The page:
Su-Mee at 47 Months
As readers of this blog may recall, I did an exposé on our pet cat Su-Mee back in November 2012.
Su-Mee is one of two Siamese cats we own. We had three, but our oldest one, Coco Rose ("Sunshine") died in November last year. Su-Mee and Coco never quite bonded with each other. Coco was already almost 16 when Su-Mee entered the scene, her place as senior member unchallenged. We had gotten Su-Mee, who was born in February 2010 to replace Lottie, who had died of breast cancer the previous January. I think Su-Mee and Lottie would have gotten along famously, but they missed each other like ships passing in the night. From a purely visual standpoint, they looked more alike than any of the other Siamese cats we've owned, both with pointed faces and darkly browned fur.
Su-Mee has become the dominant figure in our household. He's grown into a substantially large animal, a little like Vanilla, the first Siamese we owned, who died at 19 some years ago. He's long, and would be lean but for his love of his "chocolate crunchies"which he consumes at an alarming rate. No appetite problems with this guy!
Su-Mee has a facial expression that's slightly "dangerous"-looking. If you didn't know him, you might suspect he's a "difficult" character, but you'd be wrong. He's just a big pussy-cat. He loves to sit on your lap--which is what he's doing in the picture above, on my knees in bed--and in the mornings when I'm at my home computer, he's up on my right shoulder, purring for attention and kisses. He looks almost like a panther, with those deep-set eyes and sharp black snout.
We had him fixed when he was just a few months old, so we've had none of the complications that arise from an hormonally mature male cat. No spraying, no skanky odors, no unpredictable moods. Su-Mee likes to joust with Mocha, our other male, but it's all innocent play. They never get really angry with each other, the way Mocha used to once in a while with Coco. I suppose it's partly the difference in their ages. They seem like very distinct personalities, Mocha stand-off-ish and private, Su-Mee gregarious and demanding.
We've deduced that cats raised in "normal households" where there's freedom of movement and lots of touching and human contact, are better as adults than animals raised in strict confinement, which is characteristic of professional breeders' compounds, or public animal shelters. A cat raised in a small cage or room, with little or no contact except with other cats, may be excessively shy or emotionally "isolated" in adult-hood. We hear routinely these days that it's best to adopt animals from shelters, rather than from breeders. From a casual point of view, that makes a lot of sense. Animals left for adoption may be euthanized if not adopted, and there are always plenty available. But if you want an animal suitable for a pet, an animal raised in a loving household will likely be healthier and better socialized than a rescued animal, which may have been abused or neglected, or be suffering from separation anxiety, disorientation, or grief (from an expired owner). It's important to be "wanted" as a pet owner, just as much as you may "want" to own a pet. In the Bay Area, there are a couple of professionally run boarding facilities, where the animals are given play time each day, and not ignored completely. We've used them before, and will certainly do so again. They aren't cheap, but for animals you love and consider a part of your family, it's an expense we bear cheerfully.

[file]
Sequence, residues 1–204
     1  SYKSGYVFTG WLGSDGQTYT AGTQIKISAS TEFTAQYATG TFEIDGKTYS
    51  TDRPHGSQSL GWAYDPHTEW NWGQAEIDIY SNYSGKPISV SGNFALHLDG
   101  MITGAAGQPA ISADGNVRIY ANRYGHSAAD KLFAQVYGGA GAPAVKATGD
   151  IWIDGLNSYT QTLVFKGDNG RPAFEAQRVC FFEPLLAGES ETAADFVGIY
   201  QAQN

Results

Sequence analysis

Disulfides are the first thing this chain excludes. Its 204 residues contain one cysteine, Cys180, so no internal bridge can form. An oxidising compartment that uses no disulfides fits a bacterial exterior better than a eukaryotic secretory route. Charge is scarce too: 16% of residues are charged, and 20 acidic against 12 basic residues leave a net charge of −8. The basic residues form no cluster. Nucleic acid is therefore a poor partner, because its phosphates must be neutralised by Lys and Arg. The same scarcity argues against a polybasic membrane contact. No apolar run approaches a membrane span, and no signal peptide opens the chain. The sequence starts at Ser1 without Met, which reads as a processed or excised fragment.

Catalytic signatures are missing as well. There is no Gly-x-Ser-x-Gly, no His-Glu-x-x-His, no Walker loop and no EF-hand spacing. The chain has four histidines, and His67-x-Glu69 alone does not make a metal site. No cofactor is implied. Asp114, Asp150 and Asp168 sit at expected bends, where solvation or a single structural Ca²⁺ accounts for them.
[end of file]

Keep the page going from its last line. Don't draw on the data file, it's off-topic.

Su-Mee has become a great and dear companion, whom I expect to spend most of my remaining years with, God willing. A famous British publisher, Michael Joseph [18978-1958] was a serious cat fancier, who wrote a couple of juvenile cat titles, as well as Cat's Company [Geoffrey Bles, 1930], and later, Charles: The Story of a Friendship [Michael Joseph, 1943], a non-fiction account of his Siamese cat. The latter book is scarce in its first edition, and now commands prices in the hundreds, if you can even locate one. I once owned a copy, but to my present regret, sold it.
The intimacy that may become established between a human and a cat is different than that between humans and dogs, or humans and horses. Cats are "domestic" creatures in a way dogs aren't. Dogs must be taken out and walked every day, and they require regular exercise. Cats can live comfortably in a household, and will thrive there, away from the terrors and risks of the outdoors, where they may be hurt or killed, become diseased or mistreated by strangers, or get into a number of difficult situations. Indoor cats are generally better off than outdoor ones, though I wouldn't necessarily insist that this applies uniformly to all individuals. Some indoor/outdoor cats live very peaceable lives, though on average they tend not to live as long. All cats are individuals, which is not always obvious to people who've never owned one.
All in all, Su-Mee has me well-trained. He's my master, and I'm his slave. He has the perfect arrangement for his comfort and convenience, one I wouldn't dare to violate. It's a mutual thing, with both parties satisfied.